United States District Court, M.D. Florida, Tampa Division
ARNOLD SANSONE UNITED STATES MAGISTRATE JUDGE.
Mutual Insurance Company (Amica) moves to strike Dagmar
Leigh's and Hernan Leigh's (collectively, the Leighs)
supplemental disclosure and report of their expert Mason
Chickonski. (Doc. 22). The Leighs oppose the motion. (Doc.
is the Leighs' homeowners' insurance carrier. (Doc.
18, ¶ 4). The Leighs claim their property sustained a
covered loss due to water damage. (Id. at ¶ 4).
Following a dispute about policy coverage, the Leighs sued
Amica for breach of contract. (Docs. 1, 18).
the case management and scheduling order, the Leighs'
expert disclosure deadline was June 1, 2019. (Doc. 10). On
May 31, 2019, the Leighs served their expert disclosures (May
31 disclosure). (Doc. 23, Ex. A). The Leighs expert
disclosures identified several experts, including Mr.
Chickonski. (Id.). The report contained Mr.
Chickonski's opinions about the Leighs' plumbing
system, the water damage to the property, and the method and
cost of repairing the failed plumbing system. (Id.).
25, 2019, without requesting an extension of the expert
disclosure deadline, the Leighs provided a
“supplemental” disclosure and report of Mr.
Chickonski (June 25 disclosure). (Doc. 22, Ex. B). In the
June 25 disclosure, Mr. Chickonski advised that on June 18,
2019 he obtained moisture readings at the Leighs' home.
(Doc. 22, Ex. B). Mr. Chickonski opined “that the
failed plumbing system caused the observed elevated moisture
and  resulted in damage to the interior of the home.”
(Id.). The supplemental disclosure contains several
photographs of the moisture readings. (Id.).
moves to strike Mr. Chickonski's June 25 disclosure as
untimely and not substantially justified. (Doc. 22). The
Leighs oppose the motion and argue the June 25 disclosure is
timely and appropriate. (Doc. 23).
Rule of Civil Procedure 26 requires parties to disclose the
identity of any expert witness it may use to present
evidence. Fed.R.Civ.P. 26(a)(2)(A). The parties must provide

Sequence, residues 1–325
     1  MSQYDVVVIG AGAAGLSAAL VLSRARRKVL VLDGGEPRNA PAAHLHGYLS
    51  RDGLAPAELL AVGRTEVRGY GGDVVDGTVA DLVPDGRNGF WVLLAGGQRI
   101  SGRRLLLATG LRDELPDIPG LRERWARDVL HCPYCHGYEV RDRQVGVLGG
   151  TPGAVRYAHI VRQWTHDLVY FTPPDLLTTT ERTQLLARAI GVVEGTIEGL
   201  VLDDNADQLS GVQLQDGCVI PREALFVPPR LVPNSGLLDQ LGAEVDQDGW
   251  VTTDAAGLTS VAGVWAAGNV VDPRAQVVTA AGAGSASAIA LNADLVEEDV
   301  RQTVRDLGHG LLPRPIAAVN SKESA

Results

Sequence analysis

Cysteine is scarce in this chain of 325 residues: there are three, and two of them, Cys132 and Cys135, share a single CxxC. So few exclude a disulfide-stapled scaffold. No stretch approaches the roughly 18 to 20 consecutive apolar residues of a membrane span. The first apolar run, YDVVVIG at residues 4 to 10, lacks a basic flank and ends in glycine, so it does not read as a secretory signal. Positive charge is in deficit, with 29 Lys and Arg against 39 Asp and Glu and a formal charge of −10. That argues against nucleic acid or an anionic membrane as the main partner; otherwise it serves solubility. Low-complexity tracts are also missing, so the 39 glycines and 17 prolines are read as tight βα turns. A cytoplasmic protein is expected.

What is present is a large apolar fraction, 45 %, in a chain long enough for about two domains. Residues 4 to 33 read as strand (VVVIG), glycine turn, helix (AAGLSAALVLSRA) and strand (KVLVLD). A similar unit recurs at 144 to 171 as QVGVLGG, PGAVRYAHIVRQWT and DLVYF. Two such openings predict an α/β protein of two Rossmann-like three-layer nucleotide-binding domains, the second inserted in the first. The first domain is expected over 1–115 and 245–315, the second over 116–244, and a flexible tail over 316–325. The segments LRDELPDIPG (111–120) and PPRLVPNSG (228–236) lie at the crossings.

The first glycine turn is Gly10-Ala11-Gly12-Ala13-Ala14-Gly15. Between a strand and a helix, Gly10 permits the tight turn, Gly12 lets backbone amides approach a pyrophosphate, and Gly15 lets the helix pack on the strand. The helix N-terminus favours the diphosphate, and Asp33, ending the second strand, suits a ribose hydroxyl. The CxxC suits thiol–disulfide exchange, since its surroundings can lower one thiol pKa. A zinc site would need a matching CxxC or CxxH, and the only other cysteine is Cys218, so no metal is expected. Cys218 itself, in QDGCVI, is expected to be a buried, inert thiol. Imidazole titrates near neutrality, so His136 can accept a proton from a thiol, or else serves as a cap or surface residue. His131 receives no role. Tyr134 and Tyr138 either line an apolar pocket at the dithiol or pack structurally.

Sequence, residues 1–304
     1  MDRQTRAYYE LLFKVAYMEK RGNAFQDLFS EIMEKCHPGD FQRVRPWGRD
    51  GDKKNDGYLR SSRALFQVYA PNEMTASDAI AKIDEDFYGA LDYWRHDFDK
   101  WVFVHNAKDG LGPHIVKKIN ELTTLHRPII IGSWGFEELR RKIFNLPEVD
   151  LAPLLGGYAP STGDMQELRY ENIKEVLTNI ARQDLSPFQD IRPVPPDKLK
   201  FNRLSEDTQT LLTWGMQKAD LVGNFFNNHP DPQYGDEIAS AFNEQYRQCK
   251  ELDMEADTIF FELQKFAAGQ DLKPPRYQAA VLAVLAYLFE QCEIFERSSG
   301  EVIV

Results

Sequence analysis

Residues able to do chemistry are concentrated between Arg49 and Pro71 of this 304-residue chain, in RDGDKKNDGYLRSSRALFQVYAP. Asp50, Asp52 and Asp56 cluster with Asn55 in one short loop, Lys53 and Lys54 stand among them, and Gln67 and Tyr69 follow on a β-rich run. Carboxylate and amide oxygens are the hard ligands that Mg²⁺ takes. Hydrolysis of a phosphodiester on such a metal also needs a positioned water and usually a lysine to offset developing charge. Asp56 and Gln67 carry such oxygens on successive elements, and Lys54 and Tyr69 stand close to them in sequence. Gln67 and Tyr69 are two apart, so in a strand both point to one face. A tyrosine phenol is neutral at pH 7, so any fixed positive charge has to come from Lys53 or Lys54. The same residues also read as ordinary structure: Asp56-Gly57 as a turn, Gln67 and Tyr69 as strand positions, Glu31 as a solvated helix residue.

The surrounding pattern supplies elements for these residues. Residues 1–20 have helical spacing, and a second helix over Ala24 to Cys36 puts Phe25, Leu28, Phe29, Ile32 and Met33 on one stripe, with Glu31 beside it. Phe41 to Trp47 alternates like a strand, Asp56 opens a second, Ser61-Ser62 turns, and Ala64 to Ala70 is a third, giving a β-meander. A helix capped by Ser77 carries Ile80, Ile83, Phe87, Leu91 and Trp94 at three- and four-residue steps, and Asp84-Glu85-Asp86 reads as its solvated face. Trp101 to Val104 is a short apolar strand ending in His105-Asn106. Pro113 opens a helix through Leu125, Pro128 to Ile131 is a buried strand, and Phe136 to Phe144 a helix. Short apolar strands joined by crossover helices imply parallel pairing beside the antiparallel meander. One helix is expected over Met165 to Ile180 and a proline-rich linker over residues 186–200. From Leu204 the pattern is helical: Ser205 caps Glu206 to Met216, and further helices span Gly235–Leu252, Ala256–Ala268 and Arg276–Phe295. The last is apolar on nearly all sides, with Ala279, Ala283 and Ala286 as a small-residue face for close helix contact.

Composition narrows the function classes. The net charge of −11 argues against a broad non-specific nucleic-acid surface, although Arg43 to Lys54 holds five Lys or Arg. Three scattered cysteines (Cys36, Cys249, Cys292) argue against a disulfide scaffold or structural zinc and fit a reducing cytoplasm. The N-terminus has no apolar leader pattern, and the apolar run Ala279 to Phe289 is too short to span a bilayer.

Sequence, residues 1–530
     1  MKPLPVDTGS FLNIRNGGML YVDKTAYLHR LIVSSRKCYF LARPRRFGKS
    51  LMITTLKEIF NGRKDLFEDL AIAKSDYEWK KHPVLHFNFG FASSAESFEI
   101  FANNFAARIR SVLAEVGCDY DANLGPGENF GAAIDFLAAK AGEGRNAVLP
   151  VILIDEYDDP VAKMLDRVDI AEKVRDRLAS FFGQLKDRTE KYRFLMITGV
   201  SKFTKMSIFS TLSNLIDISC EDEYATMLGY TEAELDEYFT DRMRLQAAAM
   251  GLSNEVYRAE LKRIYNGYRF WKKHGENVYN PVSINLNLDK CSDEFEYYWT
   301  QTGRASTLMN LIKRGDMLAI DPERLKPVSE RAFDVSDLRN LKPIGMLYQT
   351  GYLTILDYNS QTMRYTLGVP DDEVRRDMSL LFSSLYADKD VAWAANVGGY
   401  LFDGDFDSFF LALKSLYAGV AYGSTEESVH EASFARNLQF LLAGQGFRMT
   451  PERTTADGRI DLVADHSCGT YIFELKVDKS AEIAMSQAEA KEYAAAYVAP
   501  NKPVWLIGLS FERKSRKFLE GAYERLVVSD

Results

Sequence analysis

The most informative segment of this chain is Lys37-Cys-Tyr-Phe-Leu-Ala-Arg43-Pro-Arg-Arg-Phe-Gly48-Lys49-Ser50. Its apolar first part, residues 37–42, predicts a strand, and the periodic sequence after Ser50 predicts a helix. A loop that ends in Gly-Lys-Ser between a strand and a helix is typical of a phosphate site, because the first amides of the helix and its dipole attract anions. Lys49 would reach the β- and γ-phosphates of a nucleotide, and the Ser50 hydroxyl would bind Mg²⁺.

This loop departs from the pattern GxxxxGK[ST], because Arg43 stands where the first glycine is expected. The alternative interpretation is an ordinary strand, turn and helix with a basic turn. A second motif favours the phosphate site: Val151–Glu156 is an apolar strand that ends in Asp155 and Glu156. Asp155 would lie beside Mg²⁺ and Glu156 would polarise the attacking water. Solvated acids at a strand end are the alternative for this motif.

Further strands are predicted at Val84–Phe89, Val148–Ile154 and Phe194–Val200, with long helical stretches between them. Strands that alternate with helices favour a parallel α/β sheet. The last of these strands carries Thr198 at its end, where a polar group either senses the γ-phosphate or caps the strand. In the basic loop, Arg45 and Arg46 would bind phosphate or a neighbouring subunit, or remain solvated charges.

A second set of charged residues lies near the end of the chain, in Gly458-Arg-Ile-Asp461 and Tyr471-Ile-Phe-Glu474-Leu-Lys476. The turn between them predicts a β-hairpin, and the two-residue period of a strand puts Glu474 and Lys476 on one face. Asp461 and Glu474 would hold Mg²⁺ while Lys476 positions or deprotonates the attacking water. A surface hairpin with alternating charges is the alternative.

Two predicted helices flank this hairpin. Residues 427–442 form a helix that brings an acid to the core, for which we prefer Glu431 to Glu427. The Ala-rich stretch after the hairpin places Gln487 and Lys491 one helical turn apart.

their expert disclosures “at the times and in the
sequence that the court orders.” Fed.R.Civ.P.
26(a)(2)(D). For experts retained or employed to provide
expert testimony, the expert disclosure must include “a
complete statement of all opinions the witness will express
and the basis and reasons for them, ” “the facts
or data considered by the witness in forming them, ”
among other requirements. Fed.R.Civ.P. 26(a)(2)(B).
26(e)(1)(A) requires a party to supplement its disclosures
“if the party learns that in some material
respect the disclosure . . . is incomplete or
incorrect, and if the additional or corrective
information has not otherwise been made known to the other
parties during the discovery process or in writing.”
Fed.R.Civ.P. 26(e)(1)(A) (emphasis added).
Rule 37(c)(1), a failure to timely disclose may lead to
exclusion of the information “unless the failure was
substantially justified or is harmless.” The party that
failed to timely disclose bears the burden of establishing
that the failure was substantially justified or harmless.
See Mitchell v. Ford Motor Co., 318 Fed.Appx. 821,
824 (11th Cir. 2009).
Chickonski's June 25 disclosure is not a supplemental
report required under Rule 26(e). The June 25 disclosure
included moisture readings from tests performed at the
Leighs' home on June 18, 2019, over two weeks after the
Leigh's expert disclosure deadline.
may not supplement an expert report to cure an omission or to
remedy an expert's inadequate or incomplete preparation.
See Goodbys Creek, LLC v. Arch Ins. Co., No.
3:07-cv-947-J-34HTS, 2009 WL 1139575, at *2 (M.D. Fla. Apr.
27, 2009) (excluding an expert's untimely second report
because it contained opinions not addressed in the initial
report); K&H Dev. Group., Inc. v. Howard, 255
F.R.D. 562, 567-68 (N.D. Fla. 2009) (striking an expert's